“Gamma” – The New Measure of Good Financial AdviceBy Hans Egger | July 18, 2016
Defining good financial advice can be difficult. Too often, clients believe that a good return on their investment relates to good advice, and too often financial planners perpetuate this myth.
We’ve long understood that “Beta” represents systemic risk exposure (represented by the market), of a balanced versus a high growth asset allocation, and “Alpha” represents the excess returns that have been achieved (through the choice of underlying investments) in the portfolio.
Financial planners who focus on Alpha and Beta when discussing investments are missing the point of their profession and setting themselves up for failure. Let’s face it: Robo-Advice can determine a risk profile through a set of questions and then provide a model portfolio. The Modern Adviser understands that “Gamma” is the true measure of good financial advice. David Blanchett and Paul Kaplan of Morningstar who coined the term in their journal article Alpha, Beta and Now…..Gamma, described “Gamma” as the additional value achieved by an individual investor from making more intelligent financial planning decisions”.
This is where financial planners’ with their years of study and experience can make a real difference to their clients. Let’s look at an investor; Bob is 50 years of age, has $300,000 in superannuation, earns $100,000 pa. (plus super) and has savings of $6,000 per annum. Bob is happy with a balanced investment portfolio, expecting a return of 7.6% pa over the long term, as he builds wealth for his retirement at age 65. The decision Bob makes regarding the use of his $6,000 in savings each year for the next 15 years can have a huge impact on his wealth creation:
- If Bob decides to use the $6,000 (after tax) to reduce his mortgage then he will create $120,537 in wealth.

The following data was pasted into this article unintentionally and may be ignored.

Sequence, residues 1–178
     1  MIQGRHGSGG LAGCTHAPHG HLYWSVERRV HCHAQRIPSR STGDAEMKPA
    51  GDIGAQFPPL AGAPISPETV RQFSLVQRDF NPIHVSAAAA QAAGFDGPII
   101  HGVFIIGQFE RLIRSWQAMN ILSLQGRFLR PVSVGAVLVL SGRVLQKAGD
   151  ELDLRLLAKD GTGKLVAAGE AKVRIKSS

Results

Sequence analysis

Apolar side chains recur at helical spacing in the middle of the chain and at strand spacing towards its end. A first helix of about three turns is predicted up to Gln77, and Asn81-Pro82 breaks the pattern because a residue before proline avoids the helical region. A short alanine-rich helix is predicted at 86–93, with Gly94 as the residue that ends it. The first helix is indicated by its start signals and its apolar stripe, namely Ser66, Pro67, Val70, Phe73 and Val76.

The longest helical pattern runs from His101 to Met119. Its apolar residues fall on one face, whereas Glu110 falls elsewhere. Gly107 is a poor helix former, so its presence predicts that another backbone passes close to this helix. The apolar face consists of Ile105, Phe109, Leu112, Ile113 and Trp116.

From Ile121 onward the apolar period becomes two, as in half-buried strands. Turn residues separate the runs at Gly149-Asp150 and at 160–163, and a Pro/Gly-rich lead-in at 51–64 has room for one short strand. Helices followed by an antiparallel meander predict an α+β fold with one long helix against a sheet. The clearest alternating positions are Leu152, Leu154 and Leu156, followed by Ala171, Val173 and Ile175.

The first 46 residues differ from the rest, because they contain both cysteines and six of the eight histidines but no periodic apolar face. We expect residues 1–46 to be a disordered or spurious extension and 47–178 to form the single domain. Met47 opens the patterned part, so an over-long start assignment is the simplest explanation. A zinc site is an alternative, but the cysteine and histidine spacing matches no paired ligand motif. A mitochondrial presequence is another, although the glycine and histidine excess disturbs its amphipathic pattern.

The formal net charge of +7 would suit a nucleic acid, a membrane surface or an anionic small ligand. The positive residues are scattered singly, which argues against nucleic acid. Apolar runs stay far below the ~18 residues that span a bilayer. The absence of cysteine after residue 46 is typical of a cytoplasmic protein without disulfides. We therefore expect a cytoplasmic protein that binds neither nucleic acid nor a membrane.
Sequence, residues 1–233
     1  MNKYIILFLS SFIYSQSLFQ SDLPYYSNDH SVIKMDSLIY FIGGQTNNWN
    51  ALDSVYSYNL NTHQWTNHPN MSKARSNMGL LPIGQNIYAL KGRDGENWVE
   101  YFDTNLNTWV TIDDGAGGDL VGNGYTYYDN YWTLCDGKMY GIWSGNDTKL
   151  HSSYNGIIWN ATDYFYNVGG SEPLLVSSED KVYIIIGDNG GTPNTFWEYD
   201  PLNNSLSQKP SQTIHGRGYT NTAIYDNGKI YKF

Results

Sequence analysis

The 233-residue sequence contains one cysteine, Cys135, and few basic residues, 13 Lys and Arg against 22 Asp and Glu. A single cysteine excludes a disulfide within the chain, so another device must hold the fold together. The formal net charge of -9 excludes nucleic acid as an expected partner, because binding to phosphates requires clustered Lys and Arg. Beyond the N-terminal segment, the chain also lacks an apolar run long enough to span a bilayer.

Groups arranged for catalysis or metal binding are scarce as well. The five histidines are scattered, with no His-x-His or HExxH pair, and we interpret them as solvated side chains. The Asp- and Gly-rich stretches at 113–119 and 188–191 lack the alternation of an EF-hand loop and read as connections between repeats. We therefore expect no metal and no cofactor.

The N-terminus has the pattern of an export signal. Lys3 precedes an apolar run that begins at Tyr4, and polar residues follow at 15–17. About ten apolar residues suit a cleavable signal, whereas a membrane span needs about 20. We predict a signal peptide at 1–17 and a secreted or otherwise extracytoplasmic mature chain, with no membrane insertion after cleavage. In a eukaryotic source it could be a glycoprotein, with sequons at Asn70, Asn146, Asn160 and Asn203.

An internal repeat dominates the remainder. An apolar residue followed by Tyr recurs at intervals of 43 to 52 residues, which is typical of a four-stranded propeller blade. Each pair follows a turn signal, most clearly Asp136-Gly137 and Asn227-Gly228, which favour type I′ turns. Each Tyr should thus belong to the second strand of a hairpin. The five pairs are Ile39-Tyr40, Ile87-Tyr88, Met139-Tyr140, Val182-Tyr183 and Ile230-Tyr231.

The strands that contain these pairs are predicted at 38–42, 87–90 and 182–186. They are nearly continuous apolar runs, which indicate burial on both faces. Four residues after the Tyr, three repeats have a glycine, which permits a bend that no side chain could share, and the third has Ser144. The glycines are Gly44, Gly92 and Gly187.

- If Bob chooses to salary sacrifice the $6,000 (pre-tax $9,836) to his super fund (expecting 7.6% p.a. return) then he would expect to create wealth of $167,002
So in this example the Gamma impact of making the salary sacrifice decision is approximately $46,465 over 15 years.
- If Bob decides to take option 2 and at age 60 implement a Transition to Retirement Strategy
- maximising his deductible contribution
- draws the same income as he currently earns, and
- uses any surplus pension to reduce his mortgage
- Then he will create $499,751 in wealth
So in this example the Gamma is an amazing $379,214 compared to the first option. The challenge for financial planners is how to identify these strategies and then explain them in such a way that the client understands not just the end benefit but also the underlying reasons for the benefit so that they can make an informed decision. Through the use of real time modelling software this is now not such a difficult task.
The Modern Adviser positions their value proposition around these controllable Gamma benefits and educates their clients that the fluctuations of the markets are simply background noise once the strategy has been set.
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